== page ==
Unicorn design/build company Katerra is continuing its impressive expansion from start-up to $3 billion tech-and-construction giant with the recent acquisition of Vancouver’s Michael Green Architecture (MGA). The Canadian architecture studio is known for pushing the boundaries of timber construction (including some of the largest mass timber buildings in the U.S.), and Katerra reportedly wants to use their expertise to bring down construction costs as well as better understand the material. The key to Katerra’s success lies in its vertically integrated business model; the company moves its projects through a single pipeline and handles everything from design, to engineering, to construction, using prefabricated modules to standardize the process. With $1.3 billion in projects under various stages of development–many of which are already framed with mass timber–the company is constantly searching for ways to optimize its production. Before acquiring MGA, Katerra was already hard at work building out their 250,000-square-foot cross-laminated timber (CLT) panel factory in Spokane, Washington. MGA had been an early adopter in the mass timber construction game, and the firm, jointly based in Portland, Oregon, as well as British Columbia, has continued to push timber towers taller. Joining Katerra, was for the 25-person studio, a natural progression according to founder Michael Green. It also happens to align the weight and financing of a major Silicon Valley player behind the studio. “Two values convinced me to join with Katerra,” Green told Vancouver magazine, “addressing our impact on the climate and making good architecture affordable. This acquisition gives us the opportunity to address both of those issues at scale.” Through the use of mass customization (using a kit of parts to design distinct buildings instead of a “one size fits all” modular approach) and mass timber, Katerra is hoping to lower its construction costs by up to 30 percent. While land prices are typically the largest slice of the development cost pie, Katerra is bringing down both its material as well as labor costs. But the choice was about more than that, according to Katerra's head of architecture, Craig Curtis. In order for the company to continue expanding, it would need to bring aboard more design talent, and MGA has had experience with timber buildings of all scales. On MGA's side, Katerra won't be fully consuming their practice, and the firm will still handle a stable of its own projects independently.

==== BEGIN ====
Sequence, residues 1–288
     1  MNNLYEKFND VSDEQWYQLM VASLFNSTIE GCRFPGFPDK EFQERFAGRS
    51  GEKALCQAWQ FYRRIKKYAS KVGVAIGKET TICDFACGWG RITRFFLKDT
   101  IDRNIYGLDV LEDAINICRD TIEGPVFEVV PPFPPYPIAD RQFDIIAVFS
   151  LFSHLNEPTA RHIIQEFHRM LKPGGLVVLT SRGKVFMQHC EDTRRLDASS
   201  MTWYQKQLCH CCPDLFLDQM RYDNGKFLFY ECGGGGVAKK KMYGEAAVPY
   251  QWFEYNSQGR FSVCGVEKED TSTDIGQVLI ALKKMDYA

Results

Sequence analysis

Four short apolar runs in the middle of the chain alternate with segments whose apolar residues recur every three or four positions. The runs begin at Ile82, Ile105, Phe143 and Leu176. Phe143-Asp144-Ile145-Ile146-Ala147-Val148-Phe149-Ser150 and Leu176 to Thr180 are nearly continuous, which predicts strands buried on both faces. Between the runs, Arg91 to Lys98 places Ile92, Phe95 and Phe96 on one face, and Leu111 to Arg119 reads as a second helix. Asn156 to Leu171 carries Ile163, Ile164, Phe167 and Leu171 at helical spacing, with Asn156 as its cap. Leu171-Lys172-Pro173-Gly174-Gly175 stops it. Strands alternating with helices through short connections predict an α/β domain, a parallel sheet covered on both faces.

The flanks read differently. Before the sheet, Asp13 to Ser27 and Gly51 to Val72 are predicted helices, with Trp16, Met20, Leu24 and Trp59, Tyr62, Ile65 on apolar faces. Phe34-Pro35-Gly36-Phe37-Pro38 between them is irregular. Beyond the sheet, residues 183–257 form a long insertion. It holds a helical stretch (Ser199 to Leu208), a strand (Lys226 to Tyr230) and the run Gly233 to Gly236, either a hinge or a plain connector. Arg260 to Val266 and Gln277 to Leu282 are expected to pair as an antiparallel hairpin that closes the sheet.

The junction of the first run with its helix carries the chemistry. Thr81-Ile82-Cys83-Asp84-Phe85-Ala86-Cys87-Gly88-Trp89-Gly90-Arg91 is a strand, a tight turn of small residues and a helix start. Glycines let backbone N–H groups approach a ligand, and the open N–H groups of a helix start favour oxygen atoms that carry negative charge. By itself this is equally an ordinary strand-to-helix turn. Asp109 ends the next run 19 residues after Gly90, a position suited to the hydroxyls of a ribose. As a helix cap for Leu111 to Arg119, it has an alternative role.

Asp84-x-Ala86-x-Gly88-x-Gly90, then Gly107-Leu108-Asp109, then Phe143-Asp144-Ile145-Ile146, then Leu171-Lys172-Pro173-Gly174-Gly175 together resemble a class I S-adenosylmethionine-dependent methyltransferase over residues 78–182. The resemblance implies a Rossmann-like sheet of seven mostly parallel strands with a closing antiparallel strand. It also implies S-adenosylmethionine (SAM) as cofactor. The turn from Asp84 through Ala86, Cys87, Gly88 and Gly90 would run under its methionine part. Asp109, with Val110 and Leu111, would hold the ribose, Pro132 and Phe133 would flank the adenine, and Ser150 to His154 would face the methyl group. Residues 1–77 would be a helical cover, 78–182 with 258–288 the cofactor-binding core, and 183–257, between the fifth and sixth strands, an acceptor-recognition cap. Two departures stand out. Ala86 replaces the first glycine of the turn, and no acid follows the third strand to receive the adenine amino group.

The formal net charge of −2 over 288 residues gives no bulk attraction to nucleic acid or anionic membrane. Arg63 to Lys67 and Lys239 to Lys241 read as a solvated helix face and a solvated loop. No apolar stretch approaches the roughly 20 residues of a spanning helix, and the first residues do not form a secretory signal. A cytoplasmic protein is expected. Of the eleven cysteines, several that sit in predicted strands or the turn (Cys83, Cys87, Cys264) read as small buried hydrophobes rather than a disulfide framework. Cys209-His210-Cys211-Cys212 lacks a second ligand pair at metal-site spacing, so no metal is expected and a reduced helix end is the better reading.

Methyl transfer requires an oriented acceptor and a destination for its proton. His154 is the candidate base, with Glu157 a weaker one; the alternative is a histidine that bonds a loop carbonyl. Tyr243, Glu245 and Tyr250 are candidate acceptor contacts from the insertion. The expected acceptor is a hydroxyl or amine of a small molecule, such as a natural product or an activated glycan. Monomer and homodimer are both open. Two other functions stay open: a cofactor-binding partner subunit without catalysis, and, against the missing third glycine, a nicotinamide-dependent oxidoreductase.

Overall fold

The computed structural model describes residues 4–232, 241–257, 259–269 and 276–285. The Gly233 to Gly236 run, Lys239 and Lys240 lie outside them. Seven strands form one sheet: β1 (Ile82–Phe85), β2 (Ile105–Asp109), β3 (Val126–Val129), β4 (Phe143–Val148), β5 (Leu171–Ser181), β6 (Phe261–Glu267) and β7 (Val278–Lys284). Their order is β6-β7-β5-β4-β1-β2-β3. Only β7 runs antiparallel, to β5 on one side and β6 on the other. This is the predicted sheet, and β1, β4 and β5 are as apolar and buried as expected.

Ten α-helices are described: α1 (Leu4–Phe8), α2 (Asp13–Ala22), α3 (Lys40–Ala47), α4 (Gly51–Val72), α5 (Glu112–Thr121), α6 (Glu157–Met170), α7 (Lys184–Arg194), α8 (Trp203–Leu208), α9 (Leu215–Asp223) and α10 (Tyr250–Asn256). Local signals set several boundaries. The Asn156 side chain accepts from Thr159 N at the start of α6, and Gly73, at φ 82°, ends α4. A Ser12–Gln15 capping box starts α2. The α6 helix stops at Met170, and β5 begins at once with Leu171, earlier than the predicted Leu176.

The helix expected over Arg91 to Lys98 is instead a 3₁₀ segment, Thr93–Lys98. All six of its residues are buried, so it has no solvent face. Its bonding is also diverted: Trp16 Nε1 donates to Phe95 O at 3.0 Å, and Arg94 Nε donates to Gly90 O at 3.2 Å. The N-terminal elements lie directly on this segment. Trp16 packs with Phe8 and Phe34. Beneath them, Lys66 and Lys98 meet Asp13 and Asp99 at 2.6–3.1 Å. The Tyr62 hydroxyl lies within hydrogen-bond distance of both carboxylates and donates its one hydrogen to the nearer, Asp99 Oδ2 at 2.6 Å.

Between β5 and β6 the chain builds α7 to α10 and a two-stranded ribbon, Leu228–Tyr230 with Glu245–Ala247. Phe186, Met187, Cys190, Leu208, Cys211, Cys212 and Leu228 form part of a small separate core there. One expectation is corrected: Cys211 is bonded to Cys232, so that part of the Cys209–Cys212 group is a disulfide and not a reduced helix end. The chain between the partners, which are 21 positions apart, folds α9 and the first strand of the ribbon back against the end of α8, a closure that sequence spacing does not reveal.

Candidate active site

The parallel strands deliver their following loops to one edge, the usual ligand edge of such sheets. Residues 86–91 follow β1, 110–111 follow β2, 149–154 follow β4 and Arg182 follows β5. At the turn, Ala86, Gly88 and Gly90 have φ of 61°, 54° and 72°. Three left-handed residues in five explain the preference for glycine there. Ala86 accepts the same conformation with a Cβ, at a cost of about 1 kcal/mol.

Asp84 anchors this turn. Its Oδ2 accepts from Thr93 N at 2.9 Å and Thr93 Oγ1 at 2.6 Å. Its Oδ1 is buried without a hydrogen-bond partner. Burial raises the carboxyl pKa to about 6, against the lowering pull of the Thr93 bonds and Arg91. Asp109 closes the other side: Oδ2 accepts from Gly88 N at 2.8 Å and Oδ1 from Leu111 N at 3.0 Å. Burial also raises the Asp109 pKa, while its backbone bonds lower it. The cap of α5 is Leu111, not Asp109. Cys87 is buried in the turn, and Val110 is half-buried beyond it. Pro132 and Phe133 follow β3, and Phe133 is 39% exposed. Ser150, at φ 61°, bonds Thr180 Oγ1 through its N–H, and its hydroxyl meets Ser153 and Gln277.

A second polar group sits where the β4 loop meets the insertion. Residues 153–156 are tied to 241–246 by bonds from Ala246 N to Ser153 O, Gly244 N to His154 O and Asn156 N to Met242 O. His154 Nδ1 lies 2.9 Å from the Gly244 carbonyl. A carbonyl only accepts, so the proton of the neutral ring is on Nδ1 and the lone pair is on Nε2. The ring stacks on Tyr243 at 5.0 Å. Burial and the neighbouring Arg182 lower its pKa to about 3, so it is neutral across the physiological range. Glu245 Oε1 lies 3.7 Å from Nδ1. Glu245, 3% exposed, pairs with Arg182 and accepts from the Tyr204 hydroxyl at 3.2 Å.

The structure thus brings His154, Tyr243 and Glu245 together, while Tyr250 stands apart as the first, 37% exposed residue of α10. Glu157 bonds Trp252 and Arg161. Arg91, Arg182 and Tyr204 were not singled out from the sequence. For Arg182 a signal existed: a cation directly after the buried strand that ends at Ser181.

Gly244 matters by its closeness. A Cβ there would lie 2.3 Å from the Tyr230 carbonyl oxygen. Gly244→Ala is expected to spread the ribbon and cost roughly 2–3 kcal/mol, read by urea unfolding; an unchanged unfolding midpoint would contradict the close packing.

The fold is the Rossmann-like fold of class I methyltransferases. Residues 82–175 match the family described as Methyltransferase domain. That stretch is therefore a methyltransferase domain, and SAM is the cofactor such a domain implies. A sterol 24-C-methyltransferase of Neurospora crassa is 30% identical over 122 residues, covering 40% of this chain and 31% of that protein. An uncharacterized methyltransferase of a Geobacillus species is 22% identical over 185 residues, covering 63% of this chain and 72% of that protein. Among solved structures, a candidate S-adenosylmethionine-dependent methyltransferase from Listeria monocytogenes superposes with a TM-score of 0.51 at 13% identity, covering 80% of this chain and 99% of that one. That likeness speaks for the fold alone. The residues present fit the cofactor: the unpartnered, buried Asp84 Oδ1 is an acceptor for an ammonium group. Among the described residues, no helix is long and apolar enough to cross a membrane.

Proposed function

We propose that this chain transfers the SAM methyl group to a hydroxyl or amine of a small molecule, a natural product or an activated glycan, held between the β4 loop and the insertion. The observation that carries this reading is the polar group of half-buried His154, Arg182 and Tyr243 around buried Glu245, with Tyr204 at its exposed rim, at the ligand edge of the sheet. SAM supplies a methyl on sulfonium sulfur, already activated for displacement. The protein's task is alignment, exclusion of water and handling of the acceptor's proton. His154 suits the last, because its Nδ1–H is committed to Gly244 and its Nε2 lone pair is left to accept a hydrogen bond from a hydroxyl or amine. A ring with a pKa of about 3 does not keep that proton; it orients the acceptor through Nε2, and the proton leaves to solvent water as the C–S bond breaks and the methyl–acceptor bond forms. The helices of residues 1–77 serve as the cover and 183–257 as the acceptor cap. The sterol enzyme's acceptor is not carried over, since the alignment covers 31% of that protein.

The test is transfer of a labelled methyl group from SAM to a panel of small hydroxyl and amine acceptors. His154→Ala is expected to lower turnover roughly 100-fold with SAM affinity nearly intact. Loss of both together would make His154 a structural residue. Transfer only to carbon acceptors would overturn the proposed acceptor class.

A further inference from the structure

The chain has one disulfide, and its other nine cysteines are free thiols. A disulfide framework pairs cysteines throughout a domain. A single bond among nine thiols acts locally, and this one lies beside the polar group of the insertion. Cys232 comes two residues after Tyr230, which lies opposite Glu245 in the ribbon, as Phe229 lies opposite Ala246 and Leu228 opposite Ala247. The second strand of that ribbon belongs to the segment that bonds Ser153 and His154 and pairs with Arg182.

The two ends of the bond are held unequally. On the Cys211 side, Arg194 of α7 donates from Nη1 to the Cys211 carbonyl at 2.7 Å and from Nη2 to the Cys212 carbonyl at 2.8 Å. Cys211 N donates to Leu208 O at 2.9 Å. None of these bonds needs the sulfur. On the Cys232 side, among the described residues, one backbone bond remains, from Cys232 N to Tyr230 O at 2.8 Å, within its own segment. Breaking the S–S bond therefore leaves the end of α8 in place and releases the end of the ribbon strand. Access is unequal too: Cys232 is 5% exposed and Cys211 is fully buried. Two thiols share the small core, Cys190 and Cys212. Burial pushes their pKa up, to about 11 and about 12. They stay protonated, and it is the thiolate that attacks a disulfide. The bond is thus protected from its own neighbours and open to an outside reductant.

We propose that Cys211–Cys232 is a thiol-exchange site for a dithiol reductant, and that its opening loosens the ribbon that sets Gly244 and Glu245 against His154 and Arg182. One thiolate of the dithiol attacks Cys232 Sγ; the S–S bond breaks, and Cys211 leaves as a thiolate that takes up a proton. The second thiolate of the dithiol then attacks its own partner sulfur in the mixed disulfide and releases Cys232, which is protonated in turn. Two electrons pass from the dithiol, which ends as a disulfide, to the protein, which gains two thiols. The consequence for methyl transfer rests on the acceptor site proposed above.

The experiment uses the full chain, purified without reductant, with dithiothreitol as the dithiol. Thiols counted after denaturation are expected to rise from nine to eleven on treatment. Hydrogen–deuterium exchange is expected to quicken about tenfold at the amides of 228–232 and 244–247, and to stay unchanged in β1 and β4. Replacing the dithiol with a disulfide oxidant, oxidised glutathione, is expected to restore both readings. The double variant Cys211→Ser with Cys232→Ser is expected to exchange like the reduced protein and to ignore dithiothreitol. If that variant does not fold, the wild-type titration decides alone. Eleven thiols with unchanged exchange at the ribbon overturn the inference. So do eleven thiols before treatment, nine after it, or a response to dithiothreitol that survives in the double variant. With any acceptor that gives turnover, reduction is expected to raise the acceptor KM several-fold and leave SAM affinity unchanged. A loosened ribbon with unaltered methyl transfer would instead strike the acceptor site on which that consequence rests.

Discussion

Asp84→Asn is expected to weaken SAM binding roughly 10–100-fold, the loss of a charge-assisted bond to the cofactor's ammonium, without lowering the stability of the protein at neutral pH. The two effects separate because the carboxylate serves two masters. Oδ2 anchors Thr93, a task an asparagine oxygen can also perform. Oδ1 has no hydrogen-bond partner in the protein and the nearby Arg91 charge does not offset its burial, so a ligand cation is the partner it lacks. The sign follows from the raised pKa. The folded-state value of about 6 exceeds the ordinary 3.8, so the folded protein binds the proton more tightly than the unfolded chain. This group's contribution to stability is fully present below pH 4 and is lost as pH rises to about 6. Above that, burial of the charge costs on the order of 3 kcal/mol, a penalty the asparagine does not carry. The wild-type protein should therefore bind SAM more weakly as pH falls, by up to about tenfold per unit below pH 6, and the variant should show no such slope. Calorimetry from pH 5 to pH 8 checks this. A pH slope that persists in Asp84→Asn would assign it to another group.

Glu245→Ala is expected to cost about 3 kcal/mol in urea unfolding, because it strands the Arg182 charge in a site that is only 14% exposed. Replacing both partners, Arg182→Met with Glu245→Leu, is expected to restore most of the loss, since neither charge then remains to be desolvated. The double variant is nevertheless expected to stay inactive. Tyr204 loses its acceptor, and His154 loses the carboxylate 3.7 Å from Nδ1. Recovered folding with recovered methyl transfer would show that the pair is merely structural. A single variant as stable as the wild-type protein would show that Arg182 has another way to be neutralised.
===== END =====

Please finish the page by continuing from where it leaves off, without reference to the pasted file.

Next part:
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Washington State is embracing mass timber construction